You start out by watching a lecture. This lecture is interactive. It walks you step by step through the problems, and you have to type in the answers to each step.

The lectures are very thorough and I have never had to clarify anything in it for Natali.

Next, you do about  5 “practice” problems.  These do not count against your grade, if you miss them.

The  lessons all have about 21 problems, not counting the practice problems.

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If you miss the problem, you get a second chance to find the correct answer. If you still get the wrong answer, you have the option to view the solution.  When viewing the solution, the problem is really broken down for you, into the simplest form.
Can you imagine the HOURS put into building a curriculum that has detailed answers to each problem, walking you step by step through the problem and answer!  Not to mention that most of the problems also have a “hint” button you can use if you need a reminder of how to arrive at the answer.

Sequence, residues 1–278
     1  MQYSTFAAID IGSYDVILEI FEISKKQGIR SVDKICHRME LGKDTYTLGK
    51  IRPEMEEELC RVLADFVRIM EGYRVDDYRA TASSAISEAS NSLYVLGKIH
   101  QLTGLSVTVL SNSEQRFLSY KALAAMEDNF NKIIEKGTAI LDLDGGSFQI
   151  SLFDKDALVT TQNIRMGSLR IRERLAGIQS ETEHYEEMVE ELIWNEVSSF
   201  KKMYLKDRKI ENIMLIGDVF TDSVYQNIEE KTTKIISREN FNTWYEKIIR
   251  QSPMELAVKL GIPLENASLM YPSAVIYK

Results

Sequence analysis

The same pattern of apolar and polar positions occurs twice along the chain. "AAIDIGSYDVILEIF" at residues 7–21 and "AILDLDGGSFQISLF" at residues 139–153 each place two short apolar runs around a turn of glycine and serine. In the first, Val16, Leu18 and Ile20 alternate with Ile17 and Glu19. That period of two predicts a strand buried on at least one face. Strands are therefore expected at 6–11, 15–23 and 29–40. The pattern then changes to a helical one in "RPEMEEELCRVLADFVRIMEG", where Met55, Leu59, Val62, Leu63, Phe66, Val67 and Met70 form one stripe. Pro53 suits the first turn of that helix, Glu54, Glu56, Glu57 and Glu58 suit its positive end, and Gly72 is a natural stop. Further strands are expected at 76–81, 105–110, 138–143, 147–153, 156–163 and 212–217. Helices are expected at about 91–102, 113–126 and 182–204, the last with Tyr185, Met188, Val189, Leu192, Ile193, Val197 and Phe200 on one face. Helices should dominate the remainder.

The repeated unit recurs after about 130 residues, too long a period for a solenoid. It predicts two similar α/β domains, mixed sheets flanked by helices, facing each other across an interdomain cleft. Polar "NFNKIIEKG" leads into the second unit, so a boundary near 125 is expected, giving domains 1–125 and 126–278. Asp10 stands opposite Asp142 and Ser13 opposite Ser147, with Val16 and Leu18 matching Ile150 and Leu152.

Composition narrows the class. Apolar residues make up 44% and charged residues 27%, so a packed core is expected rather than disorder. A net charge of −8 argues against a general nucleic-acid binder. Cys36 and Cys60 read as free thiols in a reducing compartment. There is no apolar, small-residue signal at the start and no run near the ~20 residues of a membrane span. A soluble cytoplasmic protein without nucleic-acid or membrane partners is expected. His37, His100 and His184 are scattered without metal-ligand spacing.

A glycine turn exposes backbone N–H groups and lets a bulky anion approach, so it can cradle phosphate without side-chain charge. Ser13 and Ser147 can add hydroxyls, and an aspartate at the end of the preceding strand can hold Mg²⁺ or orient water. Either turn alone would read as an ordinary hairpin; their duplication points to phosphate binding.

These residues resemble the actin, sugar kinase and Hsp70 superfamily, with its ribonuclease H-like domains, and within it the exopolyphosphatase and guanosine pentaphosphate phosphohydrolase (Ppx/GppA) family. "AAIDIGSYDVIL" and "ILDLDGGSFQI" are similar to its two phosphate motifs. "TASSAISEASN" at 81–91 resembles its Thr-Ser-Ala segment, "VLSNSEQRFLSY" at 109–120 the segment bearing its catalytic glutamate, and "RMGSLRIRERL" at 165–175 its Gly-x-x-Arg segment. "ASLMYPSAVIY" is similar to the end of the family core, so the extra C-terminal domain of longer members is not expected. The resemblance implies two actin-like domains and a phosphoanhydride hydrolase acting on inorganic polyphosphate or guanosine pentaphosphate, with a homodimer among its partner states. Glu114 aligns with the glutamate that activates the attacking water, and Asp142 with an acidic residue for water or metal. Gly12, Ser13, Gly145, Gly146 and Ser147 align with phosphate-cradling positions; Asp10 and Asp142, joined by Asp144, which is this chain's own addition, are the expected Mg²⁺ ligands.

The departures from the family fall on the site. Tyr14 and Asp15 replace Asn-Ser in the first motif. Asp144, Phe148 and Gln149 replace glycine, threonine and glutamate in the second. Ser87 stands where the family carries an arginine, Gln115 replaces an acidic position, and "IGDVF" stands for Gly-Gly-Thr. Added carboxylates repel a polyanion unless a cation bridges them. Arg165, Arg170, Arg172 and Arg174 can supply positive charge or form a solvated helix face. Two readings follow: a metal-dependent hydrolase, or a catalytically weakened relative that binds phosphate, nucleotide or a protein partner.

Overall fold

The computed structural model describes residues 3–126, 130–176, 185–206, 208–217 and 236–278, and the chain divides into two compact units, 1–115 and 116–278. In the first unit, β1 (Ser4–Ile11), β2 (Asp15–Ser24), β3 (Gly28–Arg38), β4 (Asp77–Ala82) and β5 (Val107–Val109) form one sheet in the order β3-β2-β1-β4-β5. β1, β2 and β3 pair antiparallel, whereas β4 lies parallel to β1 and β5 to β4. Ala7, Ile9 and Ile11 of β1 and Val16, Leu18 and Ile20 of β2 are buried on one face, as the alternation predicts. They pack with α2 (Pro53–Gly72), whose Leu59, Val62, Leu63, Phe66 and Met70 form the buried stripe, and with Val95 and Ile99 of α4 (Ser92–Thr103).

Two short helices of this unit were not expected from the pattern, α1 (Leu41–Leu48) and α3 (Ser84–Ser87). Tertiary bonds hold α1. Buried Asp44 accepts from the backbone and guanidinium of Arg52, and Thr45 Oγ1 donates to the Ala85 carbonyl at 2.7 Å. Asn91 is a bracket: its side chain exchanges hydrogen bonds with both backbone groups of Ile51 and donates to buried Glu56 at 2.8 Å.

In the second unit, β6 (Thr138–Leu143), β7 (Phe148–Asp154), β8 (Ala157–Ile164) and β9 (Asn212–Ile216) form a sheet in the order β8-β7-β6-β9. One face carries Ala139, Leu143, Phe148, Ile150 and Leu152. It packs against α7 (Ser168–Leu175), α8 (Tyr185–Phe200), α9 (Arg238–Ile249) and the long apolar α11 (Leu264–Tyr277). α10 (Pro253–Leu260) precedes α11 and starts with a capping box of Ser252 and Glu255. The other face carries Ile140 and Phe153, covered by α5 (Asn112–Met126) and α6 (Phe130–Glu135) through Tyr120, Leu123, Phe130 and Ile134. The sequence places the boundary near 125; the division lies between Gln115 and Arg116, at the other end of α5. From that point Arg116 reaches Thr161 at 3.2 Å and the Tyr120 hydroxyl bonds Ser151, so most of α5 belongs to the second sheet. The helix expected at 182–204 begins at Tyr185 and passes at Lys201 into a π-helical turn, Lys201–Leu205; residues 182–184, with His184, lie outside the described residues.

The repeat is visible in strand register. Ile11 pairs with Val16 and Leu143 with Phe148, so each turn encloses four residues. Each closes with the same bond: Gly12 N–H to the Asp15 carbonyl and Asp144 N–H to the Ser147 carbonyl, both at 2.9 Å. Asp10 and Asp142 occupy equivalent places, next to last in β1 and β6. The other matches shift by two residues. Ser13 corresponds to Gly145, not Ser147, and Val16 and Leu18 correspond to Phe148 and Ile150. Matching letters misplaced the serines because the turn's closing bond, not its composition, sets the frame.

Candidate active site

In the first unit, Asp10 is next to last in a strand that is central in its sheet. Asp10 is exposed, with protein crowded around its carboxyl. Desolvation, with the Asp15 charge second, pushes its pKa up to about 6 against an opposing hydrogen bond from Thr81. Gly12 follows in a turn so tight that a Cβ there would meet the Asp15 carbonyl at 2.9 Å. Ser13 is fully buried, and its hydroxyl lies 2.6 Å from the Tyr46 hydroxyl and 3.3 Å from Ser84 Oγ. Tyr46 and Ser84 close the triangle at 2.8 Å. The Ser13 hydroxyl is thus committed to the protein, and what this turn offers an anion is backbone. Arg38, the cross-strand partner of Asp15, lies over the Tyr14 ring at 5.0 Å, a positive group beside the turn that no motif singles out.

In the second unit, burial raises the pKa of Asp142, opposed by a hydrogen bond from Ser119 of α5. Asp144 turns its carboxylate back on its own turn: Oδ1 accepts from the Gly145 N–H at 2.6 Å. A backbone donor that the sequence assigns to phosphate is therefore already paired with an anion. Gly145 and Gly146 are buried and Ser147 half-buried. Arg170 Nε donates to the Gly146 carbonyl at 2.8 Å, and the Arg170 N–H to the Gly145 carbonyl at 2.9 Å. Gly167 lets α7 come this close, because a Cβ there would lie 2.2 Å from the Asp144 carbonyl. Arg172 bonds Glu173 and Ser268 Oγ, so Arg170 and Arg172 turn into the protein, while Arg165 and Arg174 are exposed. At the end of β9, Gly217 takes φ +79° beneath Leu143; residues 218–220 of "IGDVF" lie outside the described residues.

The program gives you your score, after each problem, letting you know just how you’re doing.

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Once the lesson is complete, you can view the gradebook. It shows you the problems that were missed, how many attempts were made and whether or not the solution was viewed.

This is a big one for me.

I want to know that Natali took the time to find out why she got the wrong answer.

It usually takes Natali about 40 minutes to finish one lesson, including the lecture.

The lessons also cover real world topics, and tell you how you might need the lesson in real life. Imagine my surprise when Natali told me she had learned about stocks in math!

The program is relatively expensive, running at about $150 for the set. However. The program can be resold, once you are done with it. I just searched for Teaching Textbooks 7 on Ebay and viewed the completed listings. The going rate for the full set of used curriculum is about $115-$135. Not too shabby! So while the initial investment sucks, at the end of the school year, I can potentially sell the set and only be out $30 or so. And I do believe my sanity is worth $30 a year.